Fast food restaurants are another option for lunch on the go, if you learn to choose wisely. Make kidney-friendly adjustments to the foods you order. Extra sodium, phosphorus and potassium are often hidden in fast foods. Identify your favorite best choices from the fast food places you visit. Make this your usual list to help avoid ordering specials or tempting items that are not part of your diet.
1 packet ketchup; no cheese or special sauce
TV dinners are traditionally known for having high-sodium content. Today many frozen food manufacturers cater to health-conscious consumers concerned about fat, sodium and good nutrition. Many of the reduced sodium, healthy cuisine frozen meals are acceptable for a dialysis diet.
Healthy Choice®, Lean Cuisine® and Weight Watchers® are some brands that have entrées low enough in sodium for a dialysis diet. Here are some guidelines to follow when making your selections. As always, check with your renal dietitian for additional guidance.
Most frozen meals heat in the microwave in 3 to 7 minutes. Less time may be required if your meal has started to thaw. Pack a fork and napkin in preparation for your frozen lunch on the go.
Sometimes it’s easier to grab a protein bar or nutrition drink when eating on the run. Protein bars provide more nutrition than quick-grab foods like candy bars, chips, cookies or donuts. Thanks to the recent high-protein/low-carbohydrate trend, market shelves are stocked with high-protein energy bars — many that are acceptable for a pre-dialysis or dialysis diet. A few things to be aware of when selecting a protein bar to fit your needs:
Many nutrition drinks are available at local grocery or drug stores. Types vary from low-calorie diet meal replacements (such as Slim-Fast®), high-protein drinks marketed to body builders and medical-nutrition drinks for health improvement. Like protein bars, these supplements vary in calories, protein, sodium, potassium, phosphorus and calcium content. Special nutrition drinks formulated for kidney patients usually have reduced amounts of sodium, potassium and phosphorus compared to drinks developed for people on a regular diet plan.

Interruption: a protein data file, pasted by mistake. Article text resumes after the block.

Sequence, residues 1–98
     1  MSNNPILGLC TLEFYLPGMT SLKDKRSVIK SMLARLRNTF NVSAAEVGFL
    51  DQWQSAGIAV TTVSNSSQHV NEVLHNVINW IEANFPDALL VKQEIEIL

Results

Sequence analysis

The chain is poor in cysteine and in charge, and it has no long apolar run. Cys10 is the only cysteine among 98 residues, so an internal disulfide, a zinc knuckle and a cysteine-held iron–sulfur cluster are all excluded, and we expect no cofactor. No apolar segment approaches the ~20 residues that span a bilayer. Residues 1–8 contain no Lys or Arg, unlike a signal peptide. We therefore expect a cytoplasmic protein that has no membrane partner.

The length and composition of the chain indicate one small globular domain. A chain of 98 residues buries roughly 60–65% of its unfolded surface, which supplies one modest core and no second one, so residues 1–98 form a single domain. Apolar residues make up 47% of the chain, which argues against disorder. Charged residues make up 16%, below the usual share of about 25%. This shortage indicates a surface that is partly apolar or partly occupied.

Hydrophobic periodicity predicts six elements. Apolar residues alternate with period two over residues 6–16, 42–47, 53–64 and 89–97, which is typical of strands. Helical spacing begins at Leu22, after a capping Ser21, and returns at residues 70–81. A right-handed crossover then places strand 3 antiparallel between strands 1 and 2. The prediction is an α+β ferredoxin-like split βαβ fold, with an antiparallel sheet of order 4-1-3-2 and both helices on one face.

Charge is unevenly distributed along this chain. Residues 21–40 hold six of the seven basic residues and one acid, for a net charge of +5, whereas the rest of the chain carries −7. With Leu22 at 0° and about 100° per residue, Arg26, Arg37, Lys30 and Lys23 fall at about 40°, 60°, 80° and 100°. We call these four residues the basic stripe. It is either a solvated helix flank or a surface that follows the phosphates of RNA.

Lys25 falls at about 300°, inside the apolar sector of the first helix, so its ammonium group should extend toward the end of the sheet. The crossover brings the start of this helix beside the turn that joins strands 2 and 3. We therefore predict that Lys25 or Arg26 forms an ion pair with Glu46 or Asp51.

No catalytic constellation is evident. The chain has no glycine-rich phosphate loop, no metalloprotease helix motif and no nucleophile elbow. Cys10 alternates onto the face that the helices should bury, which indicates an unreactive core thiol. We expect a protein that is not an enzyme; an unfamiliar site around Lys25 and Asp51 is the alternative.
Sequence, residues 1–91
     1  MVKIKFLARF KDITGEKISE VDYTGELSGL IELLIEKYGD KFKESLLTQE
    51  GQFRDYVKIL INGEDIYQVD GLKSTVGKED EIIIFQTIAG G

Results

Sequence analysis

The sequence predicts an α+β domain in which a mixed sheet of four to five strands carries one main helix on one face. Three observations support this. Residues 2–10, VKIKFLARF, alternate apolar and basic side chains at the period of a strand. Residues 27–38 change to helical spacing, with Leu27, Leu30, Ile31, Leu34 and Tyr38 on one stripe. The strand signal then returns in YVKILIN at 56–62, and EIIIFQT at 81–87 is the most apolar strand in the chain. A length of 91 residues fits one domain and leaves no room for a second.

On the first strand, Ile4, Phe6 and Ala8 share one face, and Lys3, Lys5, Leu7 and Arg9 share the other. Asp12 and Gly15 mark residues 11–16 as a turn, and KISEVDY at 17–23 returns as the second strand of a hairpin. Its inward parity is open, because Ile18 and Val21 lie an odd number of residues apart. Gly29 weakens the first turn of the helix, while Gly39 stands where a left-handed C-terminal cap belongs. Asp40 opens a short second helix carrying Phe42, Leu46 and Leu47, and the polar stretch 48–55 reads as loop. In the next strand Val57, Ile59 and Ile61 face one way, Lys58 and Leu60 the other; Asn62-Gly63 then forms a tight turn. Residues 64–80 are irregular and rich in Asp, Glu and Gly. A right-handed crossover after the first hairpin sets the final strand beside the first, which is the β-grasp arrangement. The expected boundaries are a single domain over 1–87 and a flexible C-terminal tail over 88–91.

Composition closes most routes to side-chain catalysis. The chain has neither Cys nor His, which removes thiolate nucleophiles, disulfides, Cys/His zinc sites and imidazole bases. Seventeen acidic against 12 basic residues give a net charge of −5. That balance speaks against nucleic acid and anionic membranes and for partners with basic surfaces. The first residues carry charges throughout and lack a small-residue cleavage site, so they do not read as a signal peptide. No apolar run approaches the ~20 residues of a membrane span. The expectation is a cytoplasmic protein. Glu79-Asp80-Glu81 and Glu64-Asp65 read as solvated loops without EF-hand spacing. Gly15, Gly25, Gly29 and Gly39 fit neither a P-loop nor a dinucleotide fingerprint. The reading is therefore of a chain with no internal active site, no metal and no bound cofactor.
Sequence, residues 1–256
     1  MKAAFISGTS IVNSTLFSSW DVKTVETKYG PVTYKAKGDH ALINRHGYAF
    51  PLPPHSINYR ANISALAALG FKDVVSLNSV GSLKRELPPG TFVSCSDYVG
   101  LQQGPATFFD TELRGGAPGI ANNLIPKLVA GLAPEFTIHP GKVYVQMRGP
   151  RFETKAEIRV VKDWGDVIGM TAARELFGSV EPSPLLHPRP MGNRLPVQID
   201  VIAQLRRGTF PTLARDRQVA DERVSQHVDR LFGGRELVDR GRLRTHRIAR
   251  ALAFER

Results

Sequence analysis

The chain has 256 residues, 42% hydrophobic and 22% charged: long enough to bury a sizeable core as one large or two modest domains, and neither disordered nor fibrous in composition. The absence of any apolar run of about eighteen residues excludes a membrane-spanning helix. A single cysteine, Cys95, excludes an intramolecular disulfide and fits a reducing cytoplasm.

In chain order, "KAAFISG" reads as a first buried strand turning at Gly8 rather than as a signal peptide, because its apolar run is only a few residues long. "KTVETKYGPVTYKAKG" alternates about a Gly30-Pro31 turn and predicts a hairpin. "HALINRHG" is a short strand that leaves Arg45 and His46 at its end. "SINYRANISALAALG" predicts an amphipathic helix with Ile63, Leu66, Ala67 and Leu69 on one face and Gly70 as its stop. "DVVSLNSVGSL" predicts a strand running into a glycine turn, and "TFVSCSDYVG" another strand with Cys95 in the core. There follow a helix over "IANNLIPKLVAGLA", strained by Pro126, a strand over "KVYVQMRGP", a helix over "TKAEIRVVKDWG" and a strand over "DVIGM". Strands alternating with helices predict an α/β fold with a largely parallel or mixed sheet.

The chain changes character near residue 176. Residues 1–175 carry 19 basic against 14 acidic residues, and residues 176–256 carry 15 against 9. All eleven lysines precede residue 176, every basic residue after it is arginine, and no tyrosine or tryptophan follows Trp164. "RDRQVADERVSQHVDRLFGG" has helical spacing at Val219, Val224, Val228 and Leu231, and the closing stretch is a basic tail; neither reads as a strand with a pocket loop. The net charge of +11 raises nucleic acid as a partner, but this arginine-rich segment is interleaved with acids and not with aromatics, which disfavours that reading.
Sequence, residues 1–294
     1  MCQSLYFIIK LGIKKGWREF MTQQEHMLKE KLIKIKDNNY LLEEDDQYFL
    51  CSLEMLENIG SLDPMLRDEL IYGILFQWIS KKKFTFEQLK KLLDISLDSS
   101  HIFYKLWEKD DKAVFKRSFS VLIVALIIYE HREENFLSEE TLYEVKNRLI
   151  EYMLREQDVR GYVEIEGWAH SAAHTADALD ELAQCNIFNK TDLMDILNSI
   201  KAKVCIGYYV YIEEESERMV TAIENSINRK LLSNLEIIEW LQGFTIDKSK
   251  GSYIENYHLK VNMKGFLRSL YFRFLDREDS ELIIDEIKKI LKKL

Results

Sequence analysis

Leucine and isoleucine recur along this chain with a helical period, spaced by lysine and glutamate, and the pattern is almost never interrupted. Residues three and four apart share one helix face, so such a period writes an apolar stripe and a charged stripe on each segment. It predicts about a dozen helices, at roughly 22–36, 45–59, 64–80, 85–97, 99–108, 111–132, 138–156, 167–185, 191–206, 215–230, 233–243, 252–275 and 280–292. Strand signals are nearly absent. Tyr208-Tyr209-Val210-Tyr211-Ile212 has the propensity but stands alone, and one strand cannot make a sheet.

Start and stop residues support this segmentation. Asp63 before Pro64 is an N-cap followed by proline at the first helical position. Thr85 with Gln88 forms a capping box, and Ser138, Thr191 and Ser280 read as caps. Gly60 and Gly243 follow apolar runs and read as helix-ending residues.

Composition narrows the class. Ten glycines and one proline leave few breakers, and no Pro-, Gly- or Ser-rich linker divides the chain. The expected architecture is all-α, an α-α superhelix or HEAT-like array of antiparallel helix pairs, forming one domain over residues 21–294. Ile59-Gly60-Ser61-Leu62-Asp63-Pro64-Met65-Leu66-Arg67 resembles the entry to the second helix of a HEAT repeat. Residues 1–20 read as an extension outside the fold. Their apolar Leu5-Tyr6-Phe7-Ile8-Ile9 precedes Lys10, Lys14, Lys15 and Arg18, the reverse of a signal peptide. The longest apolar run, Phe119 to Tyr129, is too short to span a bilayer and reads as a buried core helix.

Some of the drinks often recommended by renal dietitians include Nepro®, Re/Gen®, Re/Gen sugarfree®, Nutrarenal® and Novasource Renal®. Special diabetic formulas, such as Boost Diabetic® and Glucerna® are lower in carbohydrates, but may have high levels of potassium and phosphorus compared to renal formulas. Often, medical nutrition supplements are recommended during periods when patients aren’t eating enough nutrients, but they can also be an option for a quick meal replacement. Check with your dietitian for advice on the best bar or nutrition drink for you, if this is your choice for a lunch on the go.
Remember to consider the beverages you drink. If you are on limited fluids, be sure to divide your daily allowance between meals, snacks and medication times. Select the smallest container or one with a screw-top lid to help keep the amount of fluids you drink in check.
Beverages lower in sodium, potassium and phosphorus are the best choices for people with kidney disease and those on dialysis. Read the ingredient label and nutrition facts on all canned, bottled and packaged beverages. Avoid drinks containing phosphorus or calcium additives. More often phosphate additives and extra calcium are showing up in drinks that were previously phosphorus and calcium free, so make sure to check nutrient content and ingredient lists.
Choose from these beverages that are acceptable for a kidney diet:
Remember food safety when carrying on-the-go meals. Germs and bugs can grow in food when temperatures are not cool enough. Use an insulated bag with an ice pack or bottle of frozen water to keep foods cold. Wash your hands with soap and water or use a hand sanitizer before eating. Enjoy your lunch.
This site is for informational purposes only and is not intended to be a substitute for medical advice from a physician.
Please check with a physician if you need a diagnosis and/or for treatments as well as information regarding your specific condition. If you are experiencing urgent medical conditions, call 9-1-1